Israel’s Foreign Minister Avigdor Lieberman has voiced his opposition to an apology to Turkey for the deadly Israeli attack on a Gaza-bound aid convoy that killed nine Turkish citizens.
In an interview with an Israeli radio station, Lieberman said an apology is a sign of weakness “and they don’t like weakness here. It is forbidden to be weak, and an apology is first and foremost a message of weakness.”
Lieberman went on to say that an apology to Ankara would not change damaged Israel-Turkey ties, that Turkish Prime Minister Recep Tayyip Erdogan has no intention of improving his country’s relations with the regime.
“Erdogan was not only calling for an apology, but also for a lifting of the naval blockade of Gaza,” he said.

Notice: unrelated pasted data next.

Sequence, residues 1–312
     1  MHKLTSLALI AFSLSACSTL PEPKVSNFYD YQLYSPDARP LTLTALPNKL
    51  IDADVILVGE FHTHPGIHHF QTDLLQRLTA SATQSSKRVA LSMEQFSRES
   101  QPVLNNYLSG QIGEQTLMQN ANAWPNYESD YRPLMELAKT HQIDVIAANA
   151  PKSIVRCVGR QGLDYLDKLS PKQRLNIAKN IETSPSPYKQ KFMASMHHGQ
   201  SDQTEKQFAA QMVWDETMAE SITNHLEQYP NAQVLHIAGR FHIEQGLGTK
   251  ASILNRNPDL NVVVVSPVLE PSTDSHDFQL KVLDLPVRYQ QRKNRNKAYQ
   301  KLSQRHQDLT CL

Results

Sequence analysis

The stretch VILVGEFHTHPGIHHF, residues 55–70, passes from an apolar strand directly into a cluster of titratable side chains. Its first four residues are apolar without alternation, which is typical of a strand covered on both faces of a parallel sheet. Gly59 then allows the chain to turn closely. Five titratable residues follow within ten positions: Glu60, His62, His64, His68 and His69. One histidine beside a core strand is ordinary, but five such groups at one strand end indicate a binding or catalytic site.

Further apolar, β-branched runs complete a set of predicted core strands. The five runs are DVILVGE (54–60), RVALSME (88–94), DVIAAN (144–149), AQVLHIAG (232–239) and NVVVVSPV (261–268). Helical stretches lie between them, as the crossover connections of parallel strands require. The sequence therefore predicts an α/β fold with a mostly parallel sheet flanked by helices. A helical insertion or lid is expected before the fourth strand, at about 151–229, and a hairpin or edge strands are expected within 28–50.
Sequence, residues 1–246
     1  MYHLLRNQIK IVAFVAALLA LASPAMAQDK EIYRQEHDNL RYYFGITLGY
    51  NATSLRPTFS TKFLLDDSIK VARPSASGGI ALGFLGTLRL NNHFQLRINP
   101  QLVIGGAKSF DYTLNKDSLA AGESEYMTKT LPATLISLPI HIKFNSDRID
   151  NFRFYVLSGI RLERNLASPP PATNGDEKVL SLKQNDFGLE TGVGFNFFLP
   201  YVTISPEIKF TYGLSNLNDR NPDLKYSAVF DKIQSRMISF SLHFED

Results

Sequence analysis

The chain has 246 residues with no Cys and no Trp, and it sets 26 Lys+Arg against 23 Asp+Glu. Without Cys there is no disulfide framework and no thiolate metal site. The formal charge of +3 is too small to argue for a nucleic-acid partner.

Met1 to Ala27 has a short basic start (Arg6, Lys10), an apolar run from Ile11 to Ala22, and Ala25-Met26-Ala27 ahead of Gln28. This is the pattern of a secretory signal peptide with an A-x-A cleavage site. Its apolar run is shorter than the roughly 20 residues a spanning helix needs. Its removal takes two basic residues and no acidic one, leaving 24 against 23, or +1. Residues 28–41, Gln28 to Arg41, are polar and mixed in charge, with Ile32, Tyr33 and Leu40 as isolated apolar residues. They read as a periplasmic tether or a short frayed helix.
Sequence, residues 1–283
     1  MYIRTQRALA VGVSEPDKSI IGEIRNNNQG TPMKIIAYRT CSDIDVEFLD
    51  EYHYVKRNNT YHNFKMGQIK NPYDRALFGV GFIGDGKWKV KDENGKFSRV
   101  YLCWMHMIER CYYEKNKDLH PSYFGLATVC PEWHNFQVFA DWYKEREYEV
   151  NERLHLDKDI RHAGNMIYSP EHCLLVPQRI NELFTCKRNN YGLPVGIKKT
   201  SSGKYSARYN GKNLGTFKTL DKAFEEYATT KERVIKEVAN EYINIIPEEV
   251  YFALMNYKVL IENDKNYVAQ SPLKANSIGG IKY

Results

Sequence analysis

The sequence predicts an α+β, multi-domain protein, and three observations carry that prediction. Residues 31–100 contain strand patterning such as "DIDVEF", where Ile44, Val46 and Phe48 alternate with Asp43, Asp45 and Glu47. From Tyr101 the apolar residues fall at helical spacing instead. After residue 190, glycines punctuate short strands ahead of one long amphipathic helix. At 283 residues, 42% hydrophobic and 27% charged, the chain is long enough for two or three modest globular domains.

Lieberman also rejected paying compensation to the families of the nine Turkish victims, saying the move would prepare the ground for future legal action against Israeli troops.
The Israeli military attacked the Gaza-bound relief aid convoy Freedom Flotilla in international waters of the Mediterranean Sea in May 2010, killing nine Turkish citizens onboard the Turkish-flagged MV Mavi Marmara and injuring at least 50 other activists who were part of the team on the six-ship convoy.